On a scale from `not confident at all´ to `very confident´, most healthcare professionals report feeling `somewhat confident´ in both their local and national healthcare systems. They tend to feel slightly more confident in their local healthcare systems (45 percent) compared to their national healthcare systems (42 percent). 

Some of the main concerns healthcare professionals have with their local healthcare system are staffing issues and unreasonable workloads. 

Within the top 6 main concerns, 26 percent of the respondents are concerned about their daily work environment and work tasks such as `unreasonable workloads´ (9 percent), `too many bureaucratic tasks´ (9 percent) and `lack of respect from colleagues and employers´ (8 percent). 18 percent are concerned that not enough resources are provided by their local healthcare system in terms of `staffing issues´ (11 percent) and `insufficient compensation´ (7 percent). 

One third of healthcare professionals report that their confidence in the healthcare system has affected their career plans. 

31 percent of the respondents have adjusted their career plans in healthcare due to their level of confidence in their healthcare system, while 41 percent report that it has not affected their career plans.  

The number of healthcare professionals who are very optimistic about the future of their national health systems is low.  

When asked about how optimistic they feel about the future of their national healthcare system within the next five years, 36 percent, which is the highest percentage of respondents, answered that they are `somewhat pessimistic´ 24 percent feel `somewhat optimistic´ and 23 percent feel `neutral´. Less than 20 percent of respondents feel either `very pessimistic´ (12 percent) or `very optimistic´ (5 percent)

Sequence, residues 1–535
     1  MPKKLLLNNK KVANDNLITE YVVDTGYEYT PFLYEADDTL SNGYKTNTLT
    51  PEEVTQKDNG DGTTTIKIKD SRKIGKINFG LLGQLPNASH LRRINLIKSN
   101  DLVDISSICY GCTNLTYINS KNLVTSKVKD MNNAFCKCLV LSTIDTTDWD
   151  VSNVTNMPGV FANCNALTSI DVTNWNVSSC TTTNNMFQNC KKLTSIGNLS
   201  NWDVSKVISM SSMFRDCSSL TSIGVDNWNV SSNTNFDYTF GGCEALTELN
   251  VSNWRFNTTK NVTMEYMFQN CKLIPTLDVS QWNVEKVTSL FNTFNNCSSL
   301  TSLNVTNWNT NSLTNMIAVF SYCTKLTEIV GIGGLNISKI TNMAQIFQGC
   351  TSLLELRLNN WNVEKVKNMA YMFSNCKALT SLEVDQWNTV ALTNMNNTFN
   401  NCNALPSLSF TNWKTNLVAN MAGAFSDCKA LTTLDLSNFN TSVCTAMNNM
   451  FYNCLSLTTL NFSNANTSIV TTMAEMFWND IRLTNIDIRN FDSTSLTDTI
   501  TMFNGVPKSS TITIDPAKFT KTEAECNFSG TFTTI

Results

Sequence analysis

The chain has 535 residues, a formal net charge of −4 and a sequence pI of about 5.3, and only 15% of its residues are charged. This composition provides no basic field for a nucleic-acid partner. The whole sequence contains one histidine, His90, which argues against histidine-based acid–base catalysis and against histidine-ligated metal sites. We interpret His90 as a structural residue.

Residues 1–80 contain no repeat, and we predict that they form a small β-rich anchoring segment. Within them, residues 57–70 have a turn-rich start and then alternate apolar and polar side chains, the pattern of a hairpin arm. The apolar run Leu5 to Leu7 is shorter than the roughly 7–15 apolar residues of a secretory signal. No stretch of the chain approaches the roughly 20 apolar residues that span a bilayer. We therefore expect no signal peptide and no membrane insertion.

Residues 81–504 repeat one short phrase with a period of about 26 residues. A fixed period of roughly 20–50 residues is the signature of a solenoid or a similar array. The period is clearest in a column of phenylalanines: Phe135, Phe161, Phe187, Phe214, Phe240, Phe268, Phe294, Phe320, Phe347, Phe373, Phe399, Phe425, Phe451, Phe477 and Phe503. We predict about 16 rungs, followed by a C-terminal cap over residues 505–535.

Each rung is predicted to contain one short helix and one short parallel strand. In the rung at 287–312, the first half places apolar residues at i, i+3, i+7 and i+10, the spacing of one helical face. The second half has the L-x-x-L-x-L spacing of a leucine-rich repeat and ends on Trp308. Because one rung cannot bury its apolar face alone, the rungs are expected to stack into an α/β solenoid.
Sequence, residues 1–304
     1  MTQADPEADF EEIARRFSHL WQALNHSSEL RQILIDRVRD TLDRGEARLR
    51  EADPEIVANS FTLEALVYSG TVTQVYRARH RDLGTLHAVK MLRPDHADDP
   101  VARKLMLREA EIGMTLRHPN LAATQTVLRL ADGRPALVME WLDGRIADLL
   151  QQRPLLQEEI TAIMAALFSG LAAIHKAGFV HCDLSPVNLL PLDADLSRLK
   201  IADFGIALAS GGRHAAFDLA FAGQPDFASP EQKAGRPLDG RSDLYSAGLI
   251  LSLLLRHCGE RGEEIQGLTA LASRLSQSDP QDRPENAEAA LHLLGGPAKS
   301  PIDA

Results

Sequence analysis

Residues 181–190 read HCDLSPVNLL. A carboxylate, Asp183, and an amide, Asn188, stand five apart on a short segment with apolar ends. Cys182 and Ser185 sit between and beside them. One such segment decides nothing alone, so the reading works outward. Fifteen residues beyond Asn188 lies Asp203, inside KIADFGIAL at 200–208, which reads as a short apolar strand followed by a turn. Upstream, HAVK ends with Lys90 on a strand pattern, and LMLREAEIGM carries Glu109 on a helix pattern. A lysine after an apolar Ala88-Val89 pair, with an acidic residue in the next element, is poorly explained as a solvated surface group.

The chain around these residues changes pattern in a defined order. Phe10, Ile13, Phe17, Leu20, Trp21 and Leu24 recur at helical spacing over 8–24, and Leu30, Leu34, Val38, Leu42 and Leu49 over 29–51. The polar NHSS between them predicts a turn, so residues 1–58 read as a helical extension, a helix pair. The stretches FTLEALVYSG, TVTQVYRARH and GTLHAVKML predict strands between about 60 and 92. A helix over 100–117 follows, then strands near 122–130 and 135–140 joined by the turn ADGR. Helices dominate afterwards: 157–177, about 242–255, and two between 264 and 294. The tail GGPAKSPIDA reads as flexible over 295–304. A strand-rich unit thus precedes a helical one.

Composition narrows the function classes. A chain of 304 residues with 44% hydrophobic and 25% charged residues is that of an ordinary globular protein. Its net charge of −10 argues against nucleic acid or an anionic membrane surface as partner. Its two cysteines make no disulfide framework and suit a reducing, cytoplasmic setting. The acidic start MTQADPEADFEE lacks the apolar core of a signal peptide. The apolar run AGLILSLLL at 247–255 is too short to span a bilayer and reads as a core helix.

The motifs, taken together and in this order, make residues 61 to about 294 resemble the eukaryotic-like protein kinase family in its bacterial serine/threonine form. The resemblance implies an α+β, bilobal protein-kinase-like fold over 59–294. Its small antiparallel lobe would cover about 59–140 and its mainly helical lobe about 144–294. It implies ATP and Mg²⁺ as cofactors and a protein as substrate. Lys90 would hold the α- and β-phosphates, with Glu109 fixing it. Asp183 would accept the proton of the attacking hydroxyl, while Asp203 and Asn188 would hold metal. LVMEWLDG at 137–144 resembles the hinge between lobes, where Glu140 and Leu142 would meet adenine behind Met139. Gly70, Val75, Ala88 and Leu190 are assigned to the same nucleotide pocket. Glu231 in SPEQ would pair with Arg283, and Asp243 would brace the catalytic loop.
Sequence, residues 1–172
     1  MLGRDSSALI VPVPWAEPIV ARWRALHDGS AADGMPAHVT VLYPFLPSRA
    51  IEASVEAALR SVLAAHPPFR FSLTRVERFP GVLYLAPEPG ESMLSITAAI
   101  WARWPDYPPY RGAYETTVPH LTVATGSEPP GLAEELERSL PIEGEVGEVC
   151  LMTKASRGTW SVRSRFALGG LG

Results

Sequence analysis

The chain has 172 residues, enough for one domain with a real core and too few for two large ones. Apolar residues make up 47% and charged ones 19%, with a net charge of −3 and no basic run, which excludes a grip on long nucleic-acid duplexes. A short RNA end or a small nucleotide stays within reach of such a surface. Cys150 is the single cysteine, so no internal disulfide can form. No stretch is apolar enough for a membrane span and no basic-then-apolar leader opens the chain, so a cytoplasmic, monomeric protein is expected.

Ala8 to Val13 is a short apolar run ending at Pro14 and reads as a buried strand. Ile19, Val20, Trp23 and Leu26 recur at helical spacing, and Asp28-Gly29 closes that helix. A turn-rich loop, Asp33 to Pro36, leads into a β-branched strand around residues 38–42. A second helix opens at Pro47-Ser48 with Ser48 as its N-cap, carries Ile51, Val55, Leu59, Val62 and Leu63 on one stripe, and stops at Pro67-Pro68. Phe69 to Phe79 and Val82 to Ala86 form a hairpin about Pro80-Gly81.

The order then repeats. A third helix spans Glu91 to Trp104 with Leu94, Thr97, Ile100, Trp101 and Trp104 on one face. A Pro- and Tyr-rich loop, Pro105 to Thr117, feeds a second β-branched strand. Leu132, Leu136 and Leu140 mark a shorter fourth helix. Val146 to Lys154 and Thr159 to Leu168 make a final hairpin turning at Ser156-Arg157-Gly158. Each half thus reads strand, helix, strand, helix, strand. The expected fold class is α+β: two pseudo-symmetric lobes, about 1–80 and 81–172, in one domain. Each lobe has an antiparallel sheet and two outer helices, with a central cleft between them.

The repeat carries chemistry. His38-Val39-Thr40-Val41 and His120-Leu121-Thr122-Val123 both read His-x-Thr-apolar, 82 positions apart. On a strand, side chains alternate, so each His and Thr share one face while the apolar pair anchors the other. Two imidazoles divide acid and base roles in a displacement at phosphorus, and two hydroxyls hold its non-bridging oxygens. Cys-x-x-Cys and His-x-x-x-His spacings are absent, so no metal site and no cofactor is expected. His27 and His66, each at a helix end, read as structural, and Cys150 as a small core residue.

The results indicated that more research and global industry solutions are needed to build more confidence and trust in healthcare systems among healthcare professionals. Physicians, nurses, and all other healthcare providers are key drivers of patients’ health outcomes in public healthcare. To address the critical and underlying importance of trust in healthcare and build a stable healthcare ecosystem, healthcare professionals cannot be overlooked. They need to feel confident and satisfied with the systems they work in to deliver the highest possible quality of care. Providing support, a healthy work environment, and sufficient resources (such as time/ information/ compensation) are going to be crucial to build more trust and maintain an effective workforce within the healthcare industry.  

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6 comments

  1. I have 40 yrs of experience and YES trust is now a big issue. To get good medical care is a real task. People are burnt out, don’t do a real good job and treat and street. There are a minority of good providers.

  2. Working in the operating room I have seen the push for increased caseloads and the attempt to speed up every process – whether it can be sped up or not. Typical example is the patient is still having their wound closed, and the front desk will call back to see when the next patient can come back!!
    Imagine if you had to ask to empty your bladder between cases. The whole system would have to come to a screeching halt!